Chua Chiu Hong, the founder of Eng Bee Tin, opened his store in 1912, and has since been selling tikoy and other Chinese delicacies to Filipinos. Today, Eng Bee Tin continues to be a leading Chinese bakery. And in spite of it’s standing as a landmark institution, the bakery still manages to innovate, spicing up their tikoy flavors. Apart from the classic white and brown tikoy, they also have other flavors like ube, pandan, sweet corn, muscovado, and strawberry. 


This year, they have a limited edition Cheese Tikoy that’s perfect for the Year of the Rat. They even have the sugar-free Lite Tikoy in classic, ube and pandan. 


For the list of branches, visit Eng Bee Tin's website. You also order via Lazada.



8. Salazar Bakery




Salazar Bakery has been in operation for more than 70 years now, and its Binondo branch is still one of the most popular Chinese bakeries in the area. They have, however, expanded to mall locations outside Chinatown, including SM North Edsa, SM Manila, Farmers Plaza, and SM Southmall.


If you’re looking for tikoy with a little more texture and depth, Salazar Bakery has portion-size tikoys filled with peanuts or sesame.


For more information, visit Salazar Bakery.



9. Echague Bakery




Echague Bakery is one of the oldest manufacturers of Chinese delicacies in the country, and they’re known for their super delicious hopia. Their tikoys won’t let you down, and they're available in a variety of flavors: white, brown, ube, and pandan. If you can’t decide, grab the box of Four Seasons for all four flavors.


Their tikoy is known to be more firm to the bite. Since it’s firmer than other tikoys, it’s the best vehicle for butter and sugar. Think of it as a Chinese version of the puto bumbong. 


Echague Bakery has branches in The Landmark TriNoma, Fisher Mall Quezon City, and Fisher Mall Malabon. You can also order via Grab Food.


10. Sweet Taste Tikoy




Sweet Taste Tikoy's red tikoy box is one of the most iconic in the days leading up to Chinese New Year. It’s the gold standard for homemade tikoy in Manila.


Sweet Taste Tikoy keeps it pretty simple—it’s only available in classic white and brown varieties. When cooked, it stays soft with the just right amount of chewiness. It also stores well in the refrigerator and is easier to slice.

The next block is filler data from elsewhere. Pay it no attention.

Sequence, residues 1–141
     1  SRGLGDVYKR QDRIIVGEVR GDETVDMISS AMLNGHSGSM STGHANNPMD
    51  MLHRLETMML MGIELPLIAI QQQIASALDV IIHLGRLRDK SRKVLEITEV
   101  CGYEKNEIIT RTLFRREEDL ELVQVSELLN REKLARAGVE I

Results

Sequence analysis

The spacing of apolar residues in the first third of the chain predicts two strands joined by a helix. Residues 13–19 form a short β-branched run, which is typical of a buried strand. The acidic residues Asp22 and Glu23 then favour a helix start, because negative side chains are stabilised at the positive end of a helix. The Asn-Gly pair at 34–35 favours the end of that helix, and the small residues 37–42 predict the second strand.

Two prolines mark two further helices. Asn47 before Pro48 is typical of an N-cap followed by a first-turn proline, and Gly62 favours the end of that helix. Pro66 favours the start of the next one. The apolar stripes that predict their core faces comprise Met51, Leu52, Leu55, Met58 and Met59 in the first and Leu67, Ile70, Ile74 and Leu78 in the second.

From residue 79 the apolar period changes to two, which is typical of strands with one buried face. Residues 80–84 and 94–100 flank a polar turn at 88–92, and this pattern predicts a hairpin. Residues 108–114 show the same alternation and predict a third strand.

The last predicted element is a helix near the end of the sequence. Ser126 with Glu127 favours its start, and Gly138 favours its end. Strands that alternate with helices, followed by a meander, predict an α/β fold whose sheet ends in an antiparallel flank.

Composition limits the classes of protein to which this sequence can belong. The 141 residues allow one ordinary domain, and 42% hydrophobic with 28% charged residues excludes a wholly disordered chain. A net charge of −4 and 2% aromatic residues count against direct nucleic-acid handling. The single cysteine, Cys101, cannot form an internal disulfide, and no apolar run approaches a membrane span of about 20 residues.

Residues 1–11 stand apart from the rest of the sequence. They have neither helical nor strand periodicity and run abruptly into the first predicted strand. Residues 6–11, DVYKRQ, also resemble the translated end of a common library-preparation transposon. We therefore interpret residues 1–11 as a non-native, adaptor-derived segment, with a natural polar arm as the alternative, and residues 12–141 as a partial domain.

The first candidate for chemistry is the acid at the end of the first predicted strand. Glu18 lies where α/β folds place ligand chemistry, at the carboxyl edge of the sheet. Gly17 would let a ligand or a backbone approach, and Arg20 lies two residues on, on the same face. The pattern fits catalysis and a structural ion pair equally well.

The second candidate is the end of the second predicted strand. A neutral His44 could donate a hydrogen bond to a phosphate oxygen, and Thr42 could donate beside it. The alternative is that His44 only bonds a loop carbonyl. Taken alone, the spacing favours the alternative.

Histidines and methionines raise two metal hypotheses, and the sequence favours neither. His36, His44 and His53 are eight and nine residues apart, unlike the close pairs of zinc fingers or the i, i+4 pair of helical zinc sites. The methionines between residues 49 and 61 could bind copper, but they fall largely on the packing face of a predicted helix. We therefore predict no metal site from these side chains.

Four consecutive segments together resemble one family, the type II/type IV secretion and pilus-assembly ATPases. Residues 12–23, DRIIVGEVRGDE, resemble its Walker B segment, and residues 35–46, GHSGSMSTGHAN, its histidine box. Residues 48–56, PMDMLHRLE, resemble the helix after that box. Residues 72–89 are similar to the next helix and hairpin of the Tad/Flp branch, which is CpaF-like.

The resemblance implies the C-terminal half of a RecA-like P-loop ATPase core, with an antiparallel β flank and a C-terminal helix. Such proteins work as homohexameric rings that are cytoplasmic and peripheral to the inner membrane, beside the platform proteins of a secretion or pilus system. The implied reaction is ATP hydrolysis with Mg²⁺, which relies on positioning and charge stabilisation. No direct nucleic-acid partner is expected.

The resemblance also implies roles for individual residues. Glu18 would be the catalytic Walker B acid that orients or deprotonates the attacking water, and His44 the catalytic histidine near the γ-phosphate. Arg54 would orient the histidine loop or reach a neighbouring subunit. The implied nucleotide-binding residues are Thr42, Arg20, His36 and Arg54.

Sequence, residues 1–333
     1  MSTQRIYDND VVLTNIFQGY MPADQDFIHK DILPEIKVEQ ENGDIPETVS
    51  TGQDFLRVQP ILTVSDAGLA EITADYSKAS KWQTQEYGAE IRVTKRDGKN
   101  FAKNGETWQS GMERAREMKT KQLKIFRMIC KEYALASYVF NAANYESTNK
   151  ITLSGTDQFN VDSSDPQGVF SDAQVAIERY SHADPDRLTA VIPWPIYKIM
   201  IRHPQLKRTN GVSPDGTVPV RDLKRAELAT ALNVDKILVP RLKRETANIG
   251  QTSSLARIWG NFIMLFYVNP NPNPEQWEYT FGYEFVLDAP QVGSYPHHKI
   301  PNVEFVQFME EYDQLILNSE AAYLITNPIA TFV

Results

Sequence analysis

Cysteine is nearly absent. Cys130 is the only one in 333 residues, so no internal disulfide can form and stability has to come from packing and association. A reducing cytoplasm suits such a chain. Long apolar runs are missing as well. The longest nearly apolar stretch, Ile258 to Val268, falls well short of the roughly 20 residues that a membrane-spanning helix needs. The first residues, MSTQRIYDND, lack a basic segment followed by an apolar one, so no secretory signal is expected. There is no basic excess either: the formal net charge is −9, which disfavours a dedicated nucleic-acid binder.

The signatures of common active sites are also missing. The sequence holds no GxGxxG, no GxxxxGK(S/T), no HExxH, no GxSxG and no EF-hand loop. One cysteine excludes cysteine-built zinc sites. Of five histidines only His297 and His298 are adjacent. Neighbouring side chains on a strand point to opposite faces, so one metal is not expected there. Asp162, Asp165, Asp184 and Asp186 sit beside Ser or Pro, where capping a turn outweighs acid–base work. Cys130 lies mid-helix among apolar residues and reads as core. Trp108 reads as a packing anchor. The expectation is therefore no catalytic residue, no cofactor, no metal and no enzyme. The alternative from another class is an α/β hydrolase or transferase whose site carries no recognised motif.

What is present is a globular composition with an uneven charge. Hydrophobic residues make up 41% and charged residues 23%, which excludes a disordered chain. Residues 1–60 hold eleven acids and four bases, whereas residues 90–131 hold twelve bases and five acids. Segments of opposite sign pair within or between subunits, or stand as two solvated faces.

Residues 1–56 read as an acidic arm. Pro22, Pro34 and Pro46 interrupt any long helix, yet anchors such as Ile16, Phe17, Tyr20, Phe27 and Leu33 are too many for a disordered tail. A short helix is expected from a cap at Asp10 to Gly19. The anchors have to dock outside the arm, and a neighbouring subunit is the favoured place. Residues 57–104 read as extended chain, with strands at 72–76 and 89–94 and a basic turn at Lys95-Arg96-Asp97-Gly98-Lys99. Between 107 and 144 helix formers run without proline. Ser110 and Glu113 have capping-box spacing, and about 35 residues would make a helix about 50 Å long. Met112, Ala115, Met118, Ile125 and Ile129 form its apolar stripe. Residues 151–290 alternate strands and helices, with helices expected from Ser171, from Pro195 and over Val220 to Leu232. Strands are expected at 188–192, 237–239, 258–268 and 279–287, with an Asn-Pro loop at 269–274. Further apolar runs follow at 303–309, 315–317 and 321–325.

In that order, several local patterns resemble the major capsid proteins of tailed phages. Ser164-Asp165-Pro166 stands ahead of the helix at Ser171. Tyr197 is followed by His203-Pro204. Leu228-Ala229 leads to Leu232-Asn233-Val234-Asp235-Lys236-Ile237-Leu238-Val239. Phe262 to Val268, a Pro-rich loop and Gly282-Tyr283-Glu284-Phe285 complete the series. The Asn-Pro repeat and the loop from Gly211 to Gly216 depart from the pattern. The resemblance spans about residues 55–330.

Order from Sweet Taste Bakery, at 47-A Nicanor Roxas Street, Quezon City; or send them a DM on IG: @sweettastetikoy


11. Ho-Land Chinese Delicacies


Don’t be quick too judge this quaint, family-owned store just because they’re more known for their tasty hopia and mooncakes than tikoy. 


Apart from the usual white, brown, and lite tikoy variants, they also have special flavors like ube, pandan, and red bean. These make for versatile ways of cooking tikoy such as lumpia tikoy. To cook, wrap a slice of the ube tikoy with chopped langka in lumpia wrapper. Coat in egg and then fry.


Take advantage of their special promo where you can get one free box of tikoy for every ten boxes you purchase, only until January 22.


Apart from the usual circle-shaped tikoy, Ho-Land also offers tikoy in auspicious shapes like fish, golden money, and gold bar. 


Ho-Land has branches in N. Domingo, Congressional, Unimart, Banawe, Century City Mall, Lucky Chinatown Mall, Pioneer Supermarket, and Binondo.


12. Gloria Maris 


Did you know that the word “tikoy” came from the Fookien “ti,” which means “sweet,” and “ke” meaning “cake?” 


If you’re dining at Gloria Maris, you might as well stock up on the sweet cakes, too. The Gloria Maris Banquet Hall at Gateway Mall has the four regular tikoy flavors—white, brown, ube, and pandan—at P300 per kilo.


Want to serve it in a fresh new way? Try stir frying garlic in oil, then add pork, shrimp, sliced tikoy strips, and a tablespoon of soy sauce, 1/2 tablespoon of sugar, 1/2 cup of water, and sliced cabbage. 


For more information, follow Gloria Maris Banquet Hall.



12. Choi Garden


Choi Garden has been a go-to Chinese place for many families since it opened, and it’s a favorite place for family celebrations and get-togethers. We’re already expecting Choi Garden to be fully booked leading up to the Chinese New Year, but you can still grab their two special tikoy flavors if you miss a chance at the tables. The have the classic brown sugar for P338 a box, and a special Chinese date-flavored tikoy at P358 a box. The special date-flavored tikoy is quite interesting and aromatic, surely a must-try if you have had your fare share of tikoys. 


Order from Choi Garden Promenade in Greenhills or call (02) 8727-6042.



13. Hai Shin Lou 


Hai Shin Lou is a popular Chinese and seafood restaurant from Cebu, but now they have a branch in Makati. While other restaurants offer as many tikoy variants as they can, Hai Shin Lou sticks to its only variant: red date tikoy from Hong Kong.


Tikoy is comes in many variations, which is no surprise since there’s tikoy in the different parts of China and all over the world. In northern China—in Beijing and Shandong, for example— tikoy is made with red dates or jujube and yellow rice, so it becomes softer than tikoy we have grown used to here.


810 Arnaiz Avenue, San Lorenzo Village, Makati, or visit Hai Shin Lou's website.




14. Hap Chan



Hap Chan is probably many Filipinos’ entryway to what feels like an authentic Hong Kong tea house. Beginning as a small tea house in 1997, it has grown into one of the biggest Chinese restaurant franchises in the country. 


As they do every year, Hao Chan keeps its tikoy straightforward and simple. The round tikoy is available in white and original brown sugar for P185 and ube at P195.


For list of branches, click here.